Dr. Manita Shrestha Rajkarnikar is currently working as a senior consultant at the Blood Transfusion Centre of Star Hospital, Sanepa. Previously she was the director at the Blood Transfusion Centre of Nepal Red Cross head office, Tahachal, Kathmandu.
She has also been working as an advisor to Blood Transfusion Service at Nepal Red Cross Society, Lalitpur District Committee. Here are some excerpts from an encounter with Dr. Manita about her career, contributions and current situation of blood transfusion in Nepal.
Manita, in her mid-fifties, has dedicated her entire life in the field of blood collection, transfusion and quality maintenance, which is a great service to humanity. Blood is a life giving substance for human being, as its demand is every where and all the time.
She has been involved in blood transfusion service as well as maintaining quality in blood transfusion centres nearly for three decades. How to manage blood effectively and how to provide blood transfusion service on time, is her main concern. She has worked in the Red Cross for 25 years. Besides, she has also served in TU Teaching Hospital, Valley Maternity Hospital and Prashuti Griha Maternity Hospital, Thapathali. At present she has been serving in the Star Hospital for about one year. She has provided valuable service in the hospital by installing blood transfusion facilities and operating the same.
“I had a dream to become a pilot during my childhood,” recalls Manita. She had also thought about becoming an engineer during her early age. But later her preference changed and she studied medicine with the aim to become a medical doctor. She got married at the age of 28 within the Newar community but with a different caste. She is married to Gautam Rajkarnikar, an engineer by profession. She, however, belongs to the Shrestha family. “It was a love plus arranged marriage in our case,” says Manita elaborating about her marriage.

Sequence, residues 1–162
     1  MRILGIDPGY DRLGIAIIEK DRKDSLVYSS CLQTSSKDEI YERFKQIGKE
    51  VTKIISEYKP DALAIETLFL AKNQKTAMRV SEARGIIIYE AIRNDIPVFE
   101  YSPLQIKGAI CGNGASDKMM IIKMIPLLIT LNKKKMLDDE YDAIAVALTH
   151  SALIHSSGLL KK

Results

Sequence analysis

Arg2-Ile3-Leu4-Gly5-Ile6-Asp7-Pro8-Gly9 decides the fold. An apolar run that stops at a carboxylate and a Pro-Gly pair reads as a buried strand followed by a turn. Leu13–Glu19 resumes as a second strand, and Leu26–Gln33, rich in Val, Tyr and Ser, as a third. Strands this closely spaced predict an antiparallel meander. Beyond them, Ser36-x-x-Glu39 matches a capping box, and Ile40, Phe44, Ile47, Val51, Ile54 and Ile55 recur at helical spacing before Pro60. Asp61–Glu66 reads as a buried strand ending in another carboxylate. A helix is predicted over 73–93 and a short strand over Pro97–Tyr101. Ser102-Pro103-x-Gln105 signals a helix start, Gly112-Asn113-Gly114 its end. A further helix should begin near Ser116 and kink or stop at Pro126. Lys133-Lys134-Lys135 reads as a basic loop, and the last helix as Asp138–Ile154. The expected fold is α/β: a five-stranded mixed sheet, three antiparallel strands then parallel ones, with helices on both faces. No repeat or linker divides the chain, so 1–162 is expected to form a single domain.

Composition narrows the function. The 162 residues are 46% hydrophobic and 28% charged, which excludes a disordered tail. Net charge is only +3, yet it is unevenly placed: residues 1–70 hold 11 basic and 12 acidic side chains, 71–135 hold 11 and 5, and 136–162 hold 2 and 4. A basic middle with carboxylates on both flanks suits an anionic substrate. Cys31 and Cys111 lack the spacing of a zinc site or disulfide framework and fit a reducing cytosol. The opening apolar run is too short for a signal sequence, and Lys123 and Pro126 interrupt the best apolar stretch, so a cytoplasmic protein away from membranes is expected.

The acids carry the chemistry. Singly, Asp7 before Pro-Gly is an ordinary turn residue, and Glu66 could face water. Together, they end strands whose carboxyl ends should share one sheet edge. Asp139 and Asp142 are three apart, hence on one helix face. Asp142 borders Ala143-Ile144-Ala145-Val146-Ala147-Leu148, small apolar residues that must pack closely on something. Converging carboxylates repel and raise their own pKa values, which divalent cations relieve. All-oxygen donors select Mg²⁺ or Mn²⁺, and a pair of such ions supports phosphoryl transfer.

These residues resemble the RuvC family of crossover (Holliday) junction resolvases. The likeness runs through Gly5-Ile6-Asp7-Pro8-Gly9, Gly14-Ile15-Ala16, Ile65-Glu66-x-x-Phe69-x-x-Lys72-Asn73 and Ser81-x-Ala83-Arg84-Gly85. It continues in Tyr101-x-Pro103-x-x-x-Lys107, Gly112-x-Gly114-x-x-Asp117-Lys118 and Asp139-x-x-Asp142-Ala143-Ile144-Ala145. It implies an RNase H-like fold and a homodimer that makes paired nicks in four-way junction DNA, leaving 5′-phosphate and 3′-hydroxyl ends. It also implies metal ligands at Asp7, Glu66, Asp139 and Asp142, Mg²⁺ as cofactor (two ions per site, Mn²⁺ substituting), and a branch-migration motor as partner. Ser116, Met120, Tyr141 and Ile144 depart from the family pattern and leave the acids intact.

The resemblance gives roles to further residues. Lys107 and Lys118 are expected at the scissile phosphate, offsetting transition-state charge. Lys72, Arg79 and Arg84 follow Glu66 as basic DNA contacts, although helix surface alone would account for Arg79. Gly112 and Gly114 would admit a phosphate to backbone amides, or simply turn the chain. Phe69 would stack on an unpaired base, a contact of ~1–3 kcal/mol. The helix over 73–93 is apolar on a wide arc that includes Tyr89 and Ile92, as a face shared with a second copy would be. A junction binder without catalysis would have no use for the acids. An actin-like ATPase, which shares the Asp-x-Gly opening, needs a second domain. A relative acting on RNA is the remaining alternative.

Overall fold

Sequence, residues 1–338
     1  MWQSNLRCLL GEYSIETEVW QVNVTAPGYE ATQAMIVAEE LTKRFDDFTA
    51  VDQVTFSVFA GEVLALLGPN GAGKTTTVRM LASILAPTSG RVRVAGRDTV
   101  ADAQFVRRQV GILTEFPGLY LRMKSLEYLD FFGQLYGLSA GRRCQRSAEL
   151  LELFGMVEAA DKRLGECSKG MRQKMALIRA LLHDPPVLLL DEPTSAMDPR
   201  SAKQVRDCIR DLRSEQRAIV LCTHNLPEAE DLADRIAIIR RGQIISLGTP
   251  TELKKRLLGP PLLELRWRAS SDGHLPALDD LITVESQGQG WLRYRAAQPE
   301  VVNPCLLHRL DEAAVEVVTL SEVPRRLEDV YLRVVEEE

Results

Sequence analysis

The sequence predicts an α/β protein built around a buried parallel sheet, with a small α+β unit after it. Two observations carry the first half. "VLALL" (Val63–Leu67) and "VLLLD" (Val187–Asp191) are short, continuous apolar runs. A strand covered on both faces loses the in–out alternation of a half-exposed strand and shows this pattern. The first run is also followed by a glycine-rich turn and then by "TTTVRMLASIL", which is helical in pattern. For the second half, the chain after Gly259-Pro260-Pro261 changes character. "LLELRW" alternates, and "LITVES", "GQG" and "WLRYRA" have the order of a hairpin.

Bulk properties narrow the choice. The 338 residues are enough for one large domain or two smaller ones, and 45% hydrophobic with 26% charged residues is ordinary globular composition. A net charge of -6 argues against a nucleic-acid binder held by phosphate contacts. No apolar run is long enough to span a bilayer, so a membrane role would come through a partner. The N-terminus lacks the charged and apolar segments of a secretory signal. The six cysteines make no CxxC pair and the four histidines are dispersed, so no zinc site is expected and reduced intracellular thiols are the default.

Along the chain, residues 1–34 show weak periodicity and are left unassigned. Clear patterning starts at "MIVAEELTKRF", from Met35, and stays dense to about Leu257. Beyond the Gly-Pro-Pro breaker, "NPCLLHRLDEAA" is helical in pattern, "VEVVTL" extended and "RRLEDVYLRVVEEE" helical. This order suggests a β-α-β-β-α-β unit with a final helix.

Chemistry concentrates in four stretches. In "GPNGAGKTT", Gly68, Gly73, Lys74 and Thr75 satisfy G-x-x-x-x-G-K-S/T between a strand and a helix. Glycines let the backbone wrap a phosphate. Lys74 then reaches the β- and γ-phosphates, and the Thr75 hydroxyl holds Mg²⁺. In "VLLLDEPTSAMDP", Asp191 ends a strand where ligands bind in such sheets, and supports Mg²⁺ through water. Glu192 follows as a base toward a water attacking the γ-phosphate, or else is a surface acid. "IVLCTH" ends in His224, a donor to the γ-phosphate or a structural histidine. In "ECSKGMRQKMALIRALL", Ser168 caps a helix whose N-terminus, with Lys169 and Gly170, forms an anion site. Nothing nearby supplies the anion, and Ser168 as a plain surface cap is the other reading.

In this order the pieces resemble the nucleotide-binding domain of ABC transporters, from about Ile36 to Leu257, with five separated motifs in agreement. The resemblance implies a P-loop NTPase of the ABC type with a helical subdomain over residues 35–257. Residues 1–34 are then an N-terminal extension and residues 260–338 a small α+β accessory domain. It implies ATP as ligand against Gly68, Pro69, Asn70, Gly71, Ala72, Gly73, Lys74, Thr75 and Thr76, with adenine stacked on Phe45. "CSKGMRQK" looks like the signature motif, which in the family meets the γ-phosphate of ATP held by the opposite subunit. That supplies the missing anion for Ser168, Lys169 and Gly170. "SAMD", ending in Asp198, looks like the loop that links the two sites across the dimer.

She was born in Kumbheshwor in Lalitpur district and shifted to Naradevi, Kathmandu after her marriage. However, later her family shifted to Mahalaxmisthan near Lagankhel in Lalitpur. During the time of her marriage, she was working in the Valley Maternity Hospital.
Manita got the chance to study medicine in Czechoslovakia in 1985 and she received her MBBS and MD degree in 1992. She has two children, both daughters.
She was also involved in safe motherhood project during her service in the maternity hospital. The project was aimed at imparting breastfeeding training to new mothers. Her elder daughter is doing her Masters’ Degree in Environment Science, while the younger one has completed Bachelor’s Degree in Journalism. There is no difference between son and daughter, according to Manita. She never felt the need to have a son after two daughters are born to her.
Now she wants to focus her attention more in providing quality blood transfusion service and effectively managing blood collection and transfusion. “These days, there is shortage of blood in hospitals as very few people are coming for donating blood,” says Manita. She encourages people to donate blood regularly as it also helps to maintain their health. She rejected the misconception that women should not donate blood to avoid any harmful effect in her health. Her main concern at the moment is to focus to ensure adequate supply of blood. We need to forecast the demand for blood in Kathmandu valley and to maintain sufficient blood in the storage.
We are mainly facing the shortage of platelet and PRP blood category these days as they cannot be stored for more than 3 to 5 days, says Dr. Manita. She encourages blood collecting organzations to organize blood donation programmes for 2-3 times a year as an individual can donate his or her blood for 3-4 times in a year.
We must take few measures for maintaining quality of blood, says Dr. Manita, who is also the blood transfusion expert. The needle should be sterilized and the blood should go screening tests to ensure that it is free from infections such as HIV, according to her. Finally, there is a need to maintain certain temperature to keep blood in the storage facility.